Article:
Outside the university system, quality assurance and oversight is provided by a variety of different institutions with the Federal Council of Education being the main coordinating body. The National Institute of Technological Education (Instituto Nacional de Educación TecnológicaINET [97]), for instance, is responsible for ensuring quality in vocational and technical education, while the National Institute for Teacher Training (Instituto Nacional de Formación Docente –INFD [80]) evaluates and accredits non-university-level teacher training institutions and programs. INFD maintains an online registry [83] of accredited teacher training colleges and programs.

The Higher Education Degree Structure

Pregrado (Sub-degree programs)

Programs in the pregrado category include short-term programs with a vocational focus (carreras cortas) and intermediate programs (títulos intermedio) that take between two and four years of full-time study to complete. Intermediate degrees have a variety of different names, including Técnico Universitario (University Technician), Técnico (Technician), Técnico Superior (Higher Technician) or Bachiller Universitario (University Bachelor). With the exception of those qualifications that carry the designation “universitario”, these credentials may be awarded by both university-level institutions and terciarios. Depending on the program, study completed in sub-degree programs may be transferred into degree programs (grado) at universities.

Given the academic autonomy of universities, the length of programs and credential names of intermediate degrees vary by institution. An intermediate degree in law may last two years at one university, but involve three or four years of study at another institution. Similar programs may lead to the award of a Técnico Universitario at one institution, yet conclude with the award of a Bachiller Universitario at another HEI.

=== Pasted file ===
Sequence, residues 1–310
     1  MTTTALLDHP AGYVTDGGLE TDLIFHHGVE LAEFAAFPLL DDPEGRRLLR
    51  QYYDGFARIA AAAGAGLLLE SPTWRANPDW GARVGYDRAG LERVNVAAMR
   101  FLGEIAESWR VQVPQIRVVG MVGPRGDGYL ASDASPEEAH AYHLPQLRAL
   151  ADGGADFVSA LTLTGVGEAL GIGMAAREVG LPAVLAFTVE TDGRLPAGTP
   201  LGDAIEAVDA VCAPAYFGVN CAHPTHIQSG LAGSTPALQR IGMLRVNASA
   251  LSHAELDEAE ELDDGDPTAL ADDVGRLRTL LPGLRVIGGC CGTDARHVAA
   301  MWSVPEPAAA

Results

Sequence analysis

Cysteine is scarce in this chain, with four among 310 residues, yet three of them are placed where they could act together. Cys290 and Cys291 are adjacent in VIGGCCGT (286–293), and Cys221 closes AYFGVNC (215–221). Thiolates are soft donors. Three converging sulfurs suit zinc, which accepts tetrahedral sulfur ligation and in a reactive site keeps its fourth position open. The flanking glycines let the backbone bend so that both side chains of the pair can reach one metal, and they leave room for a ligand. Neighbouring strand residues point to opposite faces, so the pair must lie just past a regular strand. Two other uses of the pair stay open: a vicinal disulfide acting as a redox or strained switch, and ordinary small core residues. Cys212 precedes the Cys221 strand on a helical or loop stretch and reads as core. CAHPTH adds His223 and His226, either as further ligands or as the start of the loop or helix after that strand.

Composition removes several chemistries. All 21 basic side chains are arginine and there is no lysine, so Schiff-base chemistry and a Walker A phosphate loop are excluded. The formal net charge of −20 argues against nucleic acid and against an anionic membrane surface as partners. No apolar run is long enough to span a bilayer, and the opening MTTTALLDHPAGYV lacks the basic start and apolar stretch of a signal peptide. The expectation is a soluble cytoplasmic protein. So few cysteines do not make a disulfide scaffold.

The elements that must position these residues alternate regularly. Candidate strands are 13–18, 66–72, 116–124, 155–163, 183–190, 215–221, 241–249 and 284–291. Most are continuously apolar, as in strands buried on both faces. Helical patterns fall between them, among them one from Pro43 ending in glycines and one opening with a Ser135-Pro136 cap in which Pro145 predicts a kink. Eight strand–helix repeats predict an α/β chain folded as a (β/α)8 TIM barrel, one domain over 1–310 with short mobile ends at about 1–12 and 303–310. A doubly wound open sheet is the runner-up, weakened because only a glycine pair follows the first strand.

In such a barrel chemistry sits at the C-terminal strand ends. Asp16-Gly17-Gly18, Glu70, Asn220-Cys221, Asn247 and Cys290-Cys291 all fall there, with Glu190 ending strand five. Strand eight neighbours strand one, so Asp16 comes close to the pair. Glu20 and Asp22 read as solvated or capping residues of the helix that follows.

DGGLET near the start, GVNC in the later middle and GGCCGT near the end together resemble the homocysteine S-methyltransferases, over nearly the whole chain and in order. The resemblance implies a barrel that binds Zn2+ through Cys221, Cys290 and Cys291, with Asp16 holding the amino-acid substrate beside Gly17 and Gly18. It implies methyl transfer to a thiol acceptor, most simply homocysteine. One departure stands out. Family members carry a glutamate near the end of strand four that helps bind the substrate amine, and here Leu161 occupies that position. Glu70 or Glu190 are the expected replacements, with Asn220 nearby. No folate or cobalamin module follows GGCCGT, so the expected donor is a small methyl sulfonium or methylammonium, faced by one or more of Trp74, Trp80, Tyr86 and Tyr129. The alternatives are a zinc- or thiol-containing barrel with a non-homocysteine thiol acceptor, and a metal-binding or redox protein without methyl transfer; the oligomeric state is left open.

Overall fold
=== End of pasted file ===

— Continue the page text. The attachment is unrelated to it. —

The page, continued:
At UBA, a Técnico Universitario takes 2.5 years [98] (1,600 hours of instruction) to complete. Técnico Universitario programs typically have a higher theoretical study component than programs leading to a Técnico or Técnico Superior. Common majors in this category include accounting, commerce, engineering, computer science, journalism or translation.

The Técnico Superior is the most commonly awarded credential in more vocationally oriented and applied programs. It is usually the highest credential awarded by terciarios except for four-year teaching qualifications (see below), but it may also be awarded by universities. Programs currently last either three or four years, although two-year programs also existed until recently. Minimum requirements range from 1,600 to 2,000 hours of instruction, of which at least 20 percent should be dedicated to practical training. It is not unusual for these programs to be studied in part-time mode by working adults. Common areas of specialization include business administration, allied health, computer science, environmental safety and hygiene, agriculture, multimedia and tourism and hospitality management.

Grado (degree programs)

Grado programs typically lead to a Licenciado (Licentiate) or Título Profesional (Professional Title) – credentials that can only be awarded by university-level institutions. By law [99], all Grado programs include a minimum of 2,600 hours of classroom instruction taken over a period of at least 4 years. Degrees in professional disciplines like medicine, architecture or veterinary medicine may take up to six or seven years to complete. Admission is based on high school graduation or lateral entry based on a títulos intermedio from a university-level institution. Many university-level institutions also offer articulation programs for graduates from terciarios. These programs are known as complementary cycles (ciclos de complementación) and generally require between one and two years of full-time study.